Man found guilty of Chicago student’s 2013 murder
Hadiya Pendleton was only 15 and had performed at an event surrounding then-President Barack Obama’s second inauguration a week before she was shot in a Chicago park.
More than five years later, one of the men on trial for her murder was convicted Wednesday. A Chicago jury found Kenneth Williams guilty of first-degree murder and two counts of aggravated battery.
As the verdict was read, Williams remained emotionless and lowered his head.
Prosecutors alleged that Williams was the getaway driver after co-defendant Michaeil Ward allegedly fired a gun into a crowd killing Pendleton on January 29, 2013. Williams and Ward are being tried together, but with separate juries because of different defenses, reported CNN affiliate WLS.
Closing arguments in Ward’s trial, before another jury, are expected to begin Thursday morning.
Police said in 2013 that Ward had confessed to shooting Pendleton and two others in a case of mistaken identity.
Ward and Williams sought revenge against the people who had shot Williams a few months before, police have said. They thought they had spotted members of a rival gang at the park when, police said, Ward sneaked up on Pendleton and her friends, and began shooting.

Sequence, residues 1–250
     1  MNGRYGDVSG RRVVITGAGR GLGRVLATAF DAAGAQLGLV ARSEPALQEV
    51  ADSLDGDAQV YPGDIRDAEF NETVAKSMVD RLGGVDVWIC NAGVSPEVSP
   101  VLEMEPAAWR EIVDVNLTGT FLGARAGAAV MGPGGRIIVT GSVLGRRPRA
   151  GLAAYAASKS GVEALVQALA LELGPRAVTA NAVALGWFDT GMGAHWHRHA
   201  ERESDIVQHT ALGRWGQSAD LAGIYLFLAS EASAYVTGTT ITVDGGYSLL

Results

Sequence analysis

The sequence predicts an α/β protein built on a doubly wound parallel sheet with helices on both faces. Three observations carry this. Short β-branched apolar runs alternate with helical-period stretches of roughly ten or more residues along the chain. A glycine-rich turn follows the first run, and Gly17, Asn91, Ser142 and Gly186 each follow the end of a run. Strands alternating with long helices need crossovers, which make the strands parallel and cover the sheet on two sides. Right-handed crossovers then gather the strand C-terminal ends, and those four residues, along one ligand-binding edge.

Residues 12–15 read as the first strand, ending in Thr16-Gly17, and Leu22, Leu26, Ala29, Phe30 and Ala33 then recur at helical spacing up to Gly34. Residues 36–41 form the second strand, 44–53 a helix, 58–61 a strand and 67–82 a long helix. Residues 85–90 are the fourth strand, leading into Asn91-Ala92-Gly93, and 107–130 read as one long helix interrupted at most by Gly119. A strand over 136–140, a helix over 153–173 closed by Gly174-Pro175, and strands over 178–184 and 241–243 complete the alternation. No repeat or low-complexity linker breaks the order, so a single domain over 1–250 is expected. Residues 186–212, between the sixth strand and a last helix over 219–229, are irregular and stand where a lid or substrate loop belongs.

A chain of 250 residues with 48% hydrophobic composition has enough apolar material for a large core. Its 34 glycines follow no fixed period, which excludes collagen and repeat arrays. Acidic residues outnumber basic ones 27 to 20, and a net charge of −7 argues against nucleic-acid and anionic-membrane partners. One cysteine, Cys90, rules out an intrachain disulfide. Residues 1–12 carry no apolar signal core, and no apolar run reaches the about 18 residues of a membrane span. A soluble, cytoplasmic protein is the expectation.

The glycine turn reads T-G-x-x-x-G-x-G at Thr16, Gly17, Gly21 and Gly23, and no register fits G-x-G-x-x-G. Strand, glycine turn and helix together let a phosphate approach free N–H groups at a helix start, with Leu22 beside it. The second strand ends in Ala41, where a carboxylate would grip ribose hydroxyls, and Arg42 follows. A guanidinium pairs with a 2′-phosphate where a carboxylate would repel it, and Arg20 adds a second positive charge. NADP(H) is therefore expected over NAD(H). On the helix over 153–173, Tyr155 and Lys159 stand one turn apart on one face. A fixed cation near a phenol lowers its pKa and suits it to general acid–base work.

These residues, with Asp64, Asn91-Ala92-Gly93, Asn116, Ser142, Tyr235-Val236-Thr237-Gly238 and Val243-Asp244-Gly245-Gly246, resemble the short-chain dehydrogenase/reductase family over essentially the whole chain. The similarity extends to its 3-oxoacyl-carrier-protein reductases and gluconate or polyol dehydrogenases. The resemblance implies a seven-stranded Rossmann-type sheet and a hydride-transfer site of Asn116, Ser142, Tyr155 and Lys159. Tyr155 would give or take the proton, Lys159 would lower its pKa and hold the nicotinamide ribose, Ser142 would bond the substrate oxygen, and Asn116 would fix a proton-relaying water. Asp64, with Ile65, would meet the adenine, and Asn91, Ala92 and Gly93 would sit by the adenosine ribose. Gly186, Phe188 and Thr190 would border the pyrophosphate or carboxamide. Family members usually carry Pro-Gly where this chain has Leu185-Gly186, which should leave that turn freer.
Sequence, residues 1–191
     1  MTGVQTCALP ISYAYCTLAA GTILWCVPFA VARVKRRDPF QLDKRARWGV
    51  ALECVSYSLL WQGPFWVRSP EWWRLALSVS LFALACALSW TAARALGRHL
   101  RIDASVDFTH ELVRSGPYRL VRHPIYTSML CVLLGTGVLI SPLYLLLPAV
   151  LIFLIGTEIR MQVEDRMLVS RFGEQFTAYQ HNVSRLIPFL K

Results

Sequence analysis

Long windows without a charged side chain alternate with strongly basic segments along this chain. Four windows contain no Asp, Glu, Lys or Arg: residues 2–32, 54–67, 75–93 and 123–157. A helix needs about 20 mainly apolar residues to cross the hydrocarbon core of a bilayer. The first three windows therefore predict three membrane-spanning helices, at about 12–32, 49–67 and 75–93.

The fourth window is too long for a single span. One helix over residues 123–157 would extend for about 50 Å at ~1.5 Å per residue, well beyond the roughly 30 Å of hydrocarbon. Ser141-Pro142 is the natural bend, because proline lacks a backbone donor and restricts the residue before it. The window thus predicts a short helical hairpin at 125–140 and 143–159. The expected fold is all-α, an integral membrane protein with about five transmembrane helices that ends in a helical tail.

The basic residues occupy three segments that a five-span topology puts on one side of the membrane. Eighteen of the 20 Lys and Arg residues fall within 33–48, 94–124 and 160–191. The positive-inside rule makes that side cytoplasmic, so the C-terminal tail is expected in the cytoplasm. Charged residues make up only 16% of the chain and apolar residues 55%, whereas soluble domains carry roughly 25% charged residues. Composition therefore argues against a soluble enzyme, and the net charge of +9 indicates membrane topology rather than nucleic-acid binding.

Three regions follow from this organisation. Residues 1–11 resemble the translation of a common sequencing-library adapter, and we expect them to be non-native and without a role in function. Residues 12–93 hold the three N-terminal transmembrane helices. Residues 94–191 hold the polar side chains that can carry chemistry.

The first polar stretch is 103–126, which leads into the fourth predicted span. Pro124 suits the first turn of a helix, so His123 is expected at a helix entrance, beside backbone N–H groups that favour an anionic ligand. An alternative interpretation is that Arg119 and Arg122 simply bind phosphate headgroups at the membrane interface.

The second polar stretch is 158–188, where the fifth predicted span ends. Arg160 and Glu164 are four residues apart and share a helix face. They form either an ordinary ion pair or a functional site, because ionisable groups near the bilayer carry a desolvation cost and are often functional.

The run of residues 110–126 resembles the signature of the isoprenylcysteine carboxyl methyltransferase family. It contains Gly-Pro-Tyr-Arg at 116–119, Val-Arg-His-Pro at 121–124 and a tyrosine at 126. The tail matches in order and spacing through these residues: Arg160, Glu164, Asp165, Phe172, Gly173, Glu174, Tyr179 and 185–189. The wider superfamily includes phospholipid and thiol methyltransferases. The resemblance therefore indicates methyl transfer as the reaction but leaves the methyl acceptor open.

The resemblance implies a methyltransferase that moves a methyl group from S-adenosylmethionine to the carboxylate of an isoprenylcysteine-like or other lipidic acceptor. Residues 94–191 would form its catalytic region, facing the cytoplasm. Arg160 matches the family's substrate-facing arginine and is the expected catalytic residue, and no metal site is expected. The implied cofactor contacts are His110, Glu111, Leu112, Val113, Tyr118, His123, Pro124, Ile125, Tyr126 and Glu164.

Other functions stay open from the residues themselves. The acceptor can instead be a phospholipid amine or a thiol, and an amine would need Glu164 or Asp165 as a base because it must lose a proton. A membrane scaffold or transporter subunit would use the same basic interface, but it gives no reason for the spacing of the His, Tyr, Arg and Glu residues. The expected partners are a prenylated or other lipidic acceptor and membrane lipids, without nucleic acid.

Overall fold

Pendleton’s cousin told CNN in a 2013 interview that the teenager was hanging out with a volleyball team — a group of girls and one boy — when she was killed. The shooting occurred in the city’s Hyde Park neighborhood.
Pendleton, who often urged friends to stay away from gangs, was an honor student and band majorette at King College Prep School.
The death of the young honor student prompted a wave of debate about gun violence in Chicago. It also brought an outpouring of support for Pendleton’s family. Michelle Obama and members of the Obama administration attended her funeral.
Her friends have worn orange in her honor and called for gun reform. They chose orange because it’s the color hunters wear to avoid being shot.
“Orange is what hunters wear in the woods to protect themselves and others from harm,” the organization Wear Orange explains. “Orange is a bright, bold color that demands to be seen. Orange expresses our collective hope as a nation — a hope for a future free from gun violence.”